The Democratic candidates for president will gather on Monday, January 25, for a "town hall" forum in Iowa that will be televised from 9 to 11 pm Eastern. The forum will be aired on CNN, and an online live stream will be available at CNN.com — but you'll have to log in with a cable account to see it.
The event, held exactly one week before primary season voting begins with the Iowa caucuses on February 1, will be moderated by CNN anchor Chris Cuomo at Drake University in Des Moines.
This is the biggest audience candidates Hillary Clinton, Bernie Sanders, and Martin O'Malley are likely to see before Iowa, so expect them to have their final pitches ready.
What makes this a "town hall" instead of a debate?
In previous debates, the candidates got to take turns directly responding to one another.
In this town hall format, by contrast, the candidates will take the stage one at a time to answer questions from an audience.
That will, unfortunately, probably reduce the back-and-forth fireworks we saw at the South Carolina debate held earlier this month.
But with polls showing the race tightening and Clinton even trailing in some early states, it's hard to imagine the frontrunners not drawing sharp contrasts with the other candidates. It could be interesting to watch the candidates try and trade jabs while adhering to this different "town hall" format.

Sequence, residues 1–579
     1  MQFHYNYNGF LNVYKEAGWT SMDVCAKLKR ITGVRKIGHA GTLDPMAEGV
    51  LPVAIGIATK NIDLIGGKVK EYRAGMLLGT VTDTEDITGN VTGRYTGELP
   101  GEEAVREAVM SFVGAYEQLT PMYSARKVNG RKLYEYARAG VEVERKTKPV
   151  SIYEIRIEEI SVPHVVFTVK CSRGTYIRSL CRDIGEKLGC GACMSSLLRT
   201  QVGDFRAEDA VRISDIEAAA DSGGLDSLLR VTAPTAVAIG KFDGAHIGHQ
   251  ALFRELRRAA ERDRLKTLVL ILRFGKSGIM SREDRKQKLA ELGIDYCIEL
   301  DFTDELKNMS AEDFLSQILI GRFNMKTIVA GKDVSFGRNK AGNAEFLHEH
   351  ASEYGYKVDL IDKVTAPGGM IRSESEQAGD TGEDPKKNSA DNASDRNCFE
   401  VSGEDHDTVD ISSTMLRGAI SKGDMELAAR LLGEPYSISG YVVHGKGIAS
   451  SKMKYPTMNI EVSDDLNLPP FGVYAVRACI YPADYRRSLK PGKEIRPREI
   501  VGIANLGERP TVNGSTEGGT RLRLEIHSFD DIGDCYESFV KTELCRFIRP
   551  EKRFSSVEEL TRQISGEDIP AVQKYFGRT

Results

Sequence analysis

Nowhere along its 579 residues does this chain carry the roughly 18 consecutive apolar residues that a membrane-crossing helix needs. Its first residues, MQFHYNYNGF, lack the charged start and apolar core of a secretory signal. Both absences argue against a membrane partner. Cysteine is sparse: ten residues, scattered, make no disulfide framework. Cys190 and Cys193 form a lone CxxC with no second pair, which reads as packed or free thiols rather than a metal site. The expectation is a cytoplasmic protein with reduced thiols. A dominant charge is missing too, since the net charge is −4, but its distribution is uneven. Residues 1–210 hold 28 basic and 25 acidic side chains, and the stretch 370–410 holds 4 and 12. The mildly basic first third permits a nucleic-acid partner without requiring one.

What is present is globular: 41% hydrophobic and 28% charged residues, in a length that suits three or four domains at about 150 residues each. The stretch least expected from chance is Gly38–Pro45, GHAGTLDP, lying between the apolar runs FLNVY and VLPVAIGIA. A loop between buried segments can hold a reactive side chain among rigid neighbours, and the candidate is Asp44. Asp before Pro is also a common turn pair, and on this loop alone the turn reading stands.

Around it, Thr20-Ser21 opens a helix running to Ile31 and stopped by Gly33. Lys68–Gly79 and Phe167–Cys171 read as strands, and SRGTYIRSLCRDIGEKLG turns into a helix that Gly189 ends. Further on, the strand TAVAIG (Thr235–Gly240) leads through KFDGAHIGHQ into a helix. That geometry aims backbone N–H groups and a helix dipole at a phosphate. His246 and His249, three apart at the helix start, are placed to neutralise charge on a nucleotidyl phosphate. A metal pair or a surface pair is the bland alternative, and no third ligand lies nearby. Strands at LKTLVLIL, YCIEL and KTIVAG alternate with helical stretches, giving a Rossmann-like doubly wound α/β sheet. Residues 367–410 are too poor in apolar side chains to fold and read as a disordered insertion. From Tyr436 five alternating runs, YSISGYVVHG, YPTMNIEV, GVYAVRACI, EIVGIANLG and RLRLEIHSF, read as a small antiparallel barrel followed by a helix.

How many more of these things are there?
The Democratic debate schedule has been subject to lots of criticism and bickering over the past several months, with critics accusing the Democratic National Committee of intentionally scheduling them at unpopular times to minimize viewership.
The DNC has denied those criticisms. Whatever the truth, there's wide interest in the contest: Though held on a Sunday, the last debate drew more than 10 million viewers and had among the highest ratings in Democratic debate history, according to CNN's Brian Stelter.
Currently, there are just two more actual debates scheduled after this town hall:
- On February 11, in Milwaukee, Wisconsin
- On March 9, in Miami, Florida
Vox's Andrew Prokop compiled a rundown of the entire debate schedule — including the Republican primary and the general election.
How to watch the forum
When: 9 pm Eastern
Where: Drake University, Des Moines, Iowa
Online: A live stream will be available at CNN.com, but you'll need to log in with a cable account to see it.